EL PASO, Texas - The Texas House of Representatives is discussing the so-called "Sanctuary Cities" Bill in Austin.
Should the legislation pass, cities, counties and universities will not be able to stop authorities from asking about an individual's immigration status, or enforcing immigration laws.
The bill would also allow the State of Texas to cut funding to institutions that don't comply with the law.
The El Paso County Sheriff's Office is against the proposed bill.
"Any immigration law is completely outlined and delineated as a responsibility of the Department of Homeland Security," commander Bob Flores said. "We don't feel that local law enforcement should be part of an overlapping duty."
Debate in the House began at 9 a.m. and there were over 180 proposed amendments by House Democrats.
Earlier in the year, Flores went to Austin, on behalf of the Sheriff's Office, to lobby against the bill.
"A lot of the community policing philosophies that we've instituted have really paid off. Once you have a provision that mandates law enforcement organizations ask people for citizenship -- it puts a little bit of doubt and a little bit of fear in their minds," Flores said. "They may be more reluctant to come forward and report crimes to us."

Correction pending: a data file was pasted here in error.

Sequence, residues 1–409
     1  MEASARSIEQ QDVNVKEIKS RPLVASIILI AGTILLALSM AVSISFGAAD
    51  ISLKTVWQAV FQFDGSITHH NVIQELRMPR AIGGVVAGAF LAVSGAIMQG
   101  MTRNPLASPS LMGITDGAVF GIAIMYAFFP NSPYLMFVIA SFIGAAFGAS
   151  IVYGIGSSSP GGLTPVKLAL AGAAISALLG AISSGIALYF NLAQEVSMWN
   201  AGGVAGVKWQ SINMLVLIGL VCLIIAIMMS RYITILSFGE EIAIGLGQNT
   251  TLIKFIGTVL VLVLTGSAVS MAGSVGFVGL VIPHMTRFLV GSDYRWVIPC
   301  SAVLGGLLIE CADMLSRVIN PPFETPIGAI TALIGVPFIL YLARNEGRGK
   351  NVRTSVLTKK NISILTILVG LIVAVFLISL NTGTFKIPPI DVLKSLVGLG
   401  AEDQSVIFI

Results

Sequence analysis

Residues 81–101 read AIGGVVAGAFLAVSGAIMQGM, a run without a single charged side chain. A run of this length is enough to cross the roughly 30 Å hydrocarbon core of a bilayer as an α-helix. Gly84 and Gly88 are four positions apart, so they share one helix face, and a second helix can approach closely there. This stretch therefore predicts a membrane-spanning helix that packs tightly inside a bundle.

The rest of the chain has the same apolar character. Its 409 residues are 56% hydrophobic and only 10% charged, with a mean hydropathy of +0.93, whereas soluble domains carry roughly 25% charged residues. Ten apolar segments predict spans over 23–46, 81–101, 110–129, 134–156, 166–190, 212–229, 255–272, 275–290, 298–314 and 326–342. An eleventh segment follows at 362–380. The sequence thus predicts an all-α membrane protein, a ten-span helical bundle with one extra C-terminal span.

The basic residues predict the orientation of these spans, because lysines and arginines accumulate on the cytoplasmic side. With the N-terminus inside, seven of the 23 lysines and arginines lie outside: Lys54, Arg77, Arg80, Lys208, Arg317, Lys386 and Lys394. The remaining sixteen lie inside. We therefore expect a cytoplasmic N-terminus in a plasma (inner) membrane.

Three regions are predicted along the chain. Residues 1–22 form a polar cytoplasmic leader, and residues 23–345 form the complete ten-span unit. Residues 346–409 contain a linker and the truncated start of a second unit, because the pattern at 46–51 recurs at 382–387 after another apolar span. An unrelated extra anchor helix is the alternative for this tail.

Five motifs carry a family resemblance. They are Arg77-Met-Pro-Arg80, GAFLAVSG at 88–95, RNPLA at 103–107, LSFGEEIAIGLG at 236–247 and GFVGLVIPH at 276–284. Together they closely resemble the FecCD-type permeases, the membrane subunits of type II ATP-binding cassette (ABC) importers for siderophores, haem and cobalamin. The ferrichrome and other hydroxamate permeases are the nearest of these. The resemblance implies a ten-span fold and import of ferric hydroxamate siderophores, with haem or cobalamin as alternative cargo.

El Paso State Representatives Mary Gonzalez, Cesar Blanco, Lina Ortega, Joe Moody and Joe Pickett are opposing the bill.
Texas Senator Jose Rodriguez tweeted, "SB4 is an attack on Hispanics and the immigrant community."
Rep. Cesar Blanco tweeted, "SB4 supports racial profiling and blurs the line between local law enforcement and federal immigration authorities."
Rep. Joe Moody added an amendment to the bill that would prohibit healthcare professionals, mental healthcare workers and community centers from asking clients about their immigration status. The amendment passed shortly after 9 p.m. Wednesday.
It's still unclear when a vote will take place in the House.
On Tuesday, a federal judge blocked President Donald Trump's January executive order on immigration that would have withheld federal funds from cities deemed sanctuary cities.
The judge argued that taking money away from cities that don't cooperate with federal immigration enforcement could be considered unconstitutional, siding with Santa Clara County, San Francisco and other jurisdictions.
The Texas Senate has already approved the "anti-sanctuary cities" bill, it is expected to pass the House.